OSCODA – Oscoda small forward Owen Franklin has already put up big enough career numbers to put him up with the all-time greats for the Owls. The good news for Oscoda fans is bad news for his opposition however, as the junior still has one season left to add to his legacy.
“I think everything has gone really well so far, I couldn’t ask for more,” Franklin said. “I feel like my performances have jumped up significantly every year, so hopefully I can do the same next year.
“A big part of my success definitely goes to my teammates and everyone around me for just always having confidence in me,” he added. “I feel like I have a lot of people in my corner and that is a big confidence booster in me. I give them all the credit in the world for sure.”
Franklin currently sits with 1107 career points, already good for the sixth most in the boys program’s history; he and senior teammate Brayden Mallek made for the rare pairing of 1000-point scorers on the same team; both key pieces to Oscoda’s recent success, which includes back-to-back North Star League Big Dipper championships and were about 24 hours away from possibly adding a second straight district title as well, before the COVID-19 outbreak halted their season.
This season alone Franklin averaged 22.4 points a game, hit 55-percent of his field-goals and drilled 67 three pointers, netting them at a 50.4-percent rate. He also hit 82-percent of his free throws and tracked down almost nine rebounds a game.
“Owen and Brayden are special players, anytime you have two 1000 point scorers on the same team, that’s very rare,” Oscoda head coach Mike Poland said. “That’s very hard to do in basketball and we are fortunate to have two. Owen is a tremendous athlete and has been very successful in football and baseball too. Owen led us in scoring, rebounding, steals and blocks; just a really special athlete and wants to do whatever it takes for us to win a game.”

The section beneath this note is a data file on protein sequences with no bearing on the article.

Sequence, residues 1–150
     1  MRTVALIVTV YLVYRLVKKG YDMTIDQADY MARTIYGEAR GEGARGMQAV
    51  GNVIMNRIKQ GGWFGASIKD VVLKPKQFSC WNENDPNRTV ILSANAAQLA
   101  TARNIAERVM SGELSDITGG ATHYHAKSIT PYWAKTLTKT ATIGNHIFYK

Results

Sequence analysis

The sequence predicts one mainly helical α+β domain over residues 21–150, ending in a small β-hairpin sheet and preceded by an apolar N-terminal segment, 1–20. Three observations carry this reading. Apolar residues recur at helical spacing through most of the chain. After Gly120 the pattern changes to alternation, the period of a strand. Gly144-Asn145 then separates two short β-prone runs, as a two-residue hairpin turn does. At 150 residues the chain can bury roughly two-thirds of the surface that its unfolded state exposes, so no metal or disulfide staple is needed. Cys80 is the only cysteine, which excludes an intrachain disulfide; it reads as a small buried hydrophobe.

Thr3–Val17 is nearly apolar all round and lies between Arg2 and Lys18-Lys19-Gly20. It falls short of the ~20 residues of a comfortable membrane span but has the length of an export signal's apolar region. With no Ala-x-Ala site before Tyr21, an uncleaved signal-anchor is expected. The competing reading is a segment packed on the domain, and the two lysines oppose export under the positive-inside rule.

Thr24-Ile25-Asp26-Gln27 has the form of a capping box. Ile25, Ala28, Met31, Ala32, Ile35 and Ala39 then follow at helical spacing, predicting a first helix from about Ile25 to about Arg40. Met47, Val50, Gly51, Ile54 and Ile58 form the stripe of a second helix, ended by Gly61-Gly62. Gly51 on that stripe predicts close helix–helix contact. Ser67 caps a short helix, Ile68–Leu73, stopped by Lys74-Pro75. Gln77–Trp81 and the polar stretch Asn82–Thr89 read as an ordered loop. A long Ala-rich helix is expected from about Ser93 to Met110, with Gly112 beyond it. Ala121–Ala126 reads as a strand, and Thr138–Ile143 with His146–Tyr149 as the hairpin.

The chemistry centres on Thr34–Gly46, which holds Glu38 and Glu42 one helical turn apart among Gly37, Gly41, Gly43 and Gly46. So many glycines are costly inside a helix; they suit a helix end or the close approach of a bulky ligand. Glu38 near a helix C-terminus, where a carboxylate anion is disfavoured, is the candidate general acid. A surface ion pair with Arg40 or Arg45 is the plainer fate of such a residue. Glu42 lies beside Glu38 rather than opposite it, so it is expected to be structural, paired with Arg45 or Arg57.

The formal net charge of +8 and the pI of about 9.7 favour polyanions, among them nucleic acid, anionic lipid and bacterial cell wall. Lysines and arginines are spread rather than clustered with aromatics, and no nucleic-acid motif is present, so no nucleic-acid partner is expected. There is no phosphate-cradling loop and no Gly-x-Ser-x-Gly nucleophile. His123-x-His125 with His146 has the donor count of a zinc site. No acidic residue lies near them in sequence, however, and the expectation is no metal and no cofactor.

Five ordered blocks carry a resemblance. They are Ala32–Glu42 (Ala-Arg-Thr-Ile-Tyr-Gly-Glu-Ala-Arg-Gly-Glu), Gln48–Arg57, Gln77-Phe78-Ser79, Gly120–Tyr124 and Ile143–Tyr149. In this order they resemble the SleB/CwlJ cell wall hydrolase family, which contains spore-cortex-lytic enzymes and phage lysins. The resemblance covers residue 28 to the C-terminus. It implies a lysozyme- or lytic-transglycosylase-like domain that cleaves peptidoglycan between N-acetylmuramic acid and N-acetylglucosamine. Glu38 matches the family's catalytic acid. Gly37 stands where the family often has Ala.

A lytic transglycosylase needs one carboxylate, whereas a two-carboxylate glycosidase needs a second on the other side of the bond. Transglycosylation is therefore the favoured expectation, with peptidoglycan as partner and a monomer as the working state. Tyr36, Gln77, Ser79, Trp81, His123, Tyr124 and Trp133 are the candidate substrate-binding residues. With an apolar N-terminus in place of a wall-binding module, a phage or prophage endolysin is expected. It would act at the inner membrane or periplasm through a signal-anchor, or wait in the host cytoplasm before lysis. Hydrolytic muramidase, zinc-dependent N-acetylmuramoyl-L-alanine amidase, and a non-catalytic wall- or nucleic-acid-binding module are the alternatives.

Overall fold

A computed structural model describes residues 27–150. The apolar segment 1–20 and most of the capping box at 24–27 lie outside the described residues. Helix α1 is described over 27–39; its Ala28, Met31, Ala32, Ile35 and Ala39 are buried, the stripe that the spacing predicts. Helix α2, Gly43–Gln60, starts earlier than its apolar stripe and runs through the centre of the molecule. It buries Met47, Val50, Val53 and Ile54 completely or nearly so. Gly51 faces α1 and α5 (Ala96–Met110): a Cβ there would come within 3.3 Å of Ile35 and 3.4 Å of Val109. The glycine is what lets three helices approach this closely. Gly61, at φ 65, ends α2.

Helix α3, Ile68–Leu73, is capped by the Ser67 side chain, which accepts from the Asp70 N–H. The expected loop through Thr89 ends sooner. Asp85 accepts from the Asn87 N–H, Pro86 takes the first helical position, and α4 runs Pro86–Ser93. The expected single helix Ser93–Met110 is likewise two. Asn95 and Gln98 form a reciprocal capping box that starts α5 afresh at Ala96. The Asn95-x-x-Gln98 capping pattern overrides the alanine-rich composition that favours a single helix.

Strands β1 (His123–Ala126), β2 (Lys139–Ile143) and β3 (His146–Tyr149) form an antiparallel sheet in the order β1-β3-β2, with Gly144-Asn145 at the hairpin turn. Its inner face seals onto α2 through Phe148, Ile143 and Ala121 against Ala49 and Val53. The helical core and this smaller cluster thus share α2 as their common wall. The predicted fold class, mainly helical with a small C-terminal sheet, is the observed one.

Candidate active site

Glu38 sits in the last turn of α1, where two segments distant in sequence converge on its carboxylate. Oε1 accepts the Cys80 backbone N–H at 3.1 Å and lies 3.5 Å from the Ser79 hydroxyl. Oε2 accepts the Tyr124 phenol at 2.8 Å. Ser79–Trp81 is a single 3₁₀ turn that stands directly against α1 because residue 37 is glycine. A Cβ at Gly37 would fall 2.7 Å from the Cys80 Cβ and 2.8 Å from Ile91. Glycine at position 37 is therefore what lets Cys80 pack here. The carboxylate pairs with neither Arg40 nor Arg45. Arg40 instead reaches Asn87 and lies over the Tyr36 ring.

Most players consider themselves fortunate to reach the 1000 point mark in their careers, Franklin had the rare feat of reaching it as a junior.
“It means a lot, only a few juniors have done it like (Mio’s) Drew Hess, (Hale’s) Joseph Kimmerer and myself,” he said. “To be in a group with those two is a really big honor. Brayden and I always just let the game come to us and we took advantage of our chances. This is all just us being who we are.”
If things go as planned for Franklin, he could become the program’s all time-leading scorer. 2000 graduate Nik Alda is the current high mark with 1260.
“To be honest, that has been a goal of mine since freshman year,” he said. “I knew I would have to have a really good career to do it, so knowing that I have a chance at that means a lot.”
His head coach is certainly glad to have Franklin back in the mix for another season.
“The sky is the limit for him going into his senior season,” Poland said. “He was in better shape this year, which was one of the things I had for a goal for him and he bought in with that. I thought his numbers would go up if he was in better shape and they did. He can do it all, he can dunk a basketball, he gets his shot off really high and he is tough to block. On top of his really good three pointer shooting he has done a fantastic job of attacking the basket and staying balanced.
“This year he had so many good scorers around him, but next year we may see all types of defensive schemes thrown against him,” he added. “What comes to mind is (former Mio player) Lubitz; he was one of the best players I have seen in our conference in a long time and he had to do it with two or three guys on him. I think we are going to see a lot of that next year.”
Franklin, like several other athletes across the state are still holding out hope that this season will resume once COVID-19 is under control.
“It’s really tough to deal with, we’re still all jus tin shock,” he said. “We worked so hard for so long and all this happened it just feels like it is getting ripped out of our hands because we have no control over it. Honestly, it is just heartbreaking.”
Franklin knows he is one of the lucky ones in that he has one more year of wearing his school colors before he graduates. He even has a few ideas for how he can improve his basketball game.
“I don’t want to see my performance drop at all, I know I am going to see a lot of defenses thrown at me next year, but I want to stay at the same level now and hopefully build on the success we’ve had as a team and for myself,” he said. “I want to become a better ball-handler under pressure; over the last three years Brayden has handled it with ease so now I want to be the guy who is able to dribble it around and knock down free throws like he did.”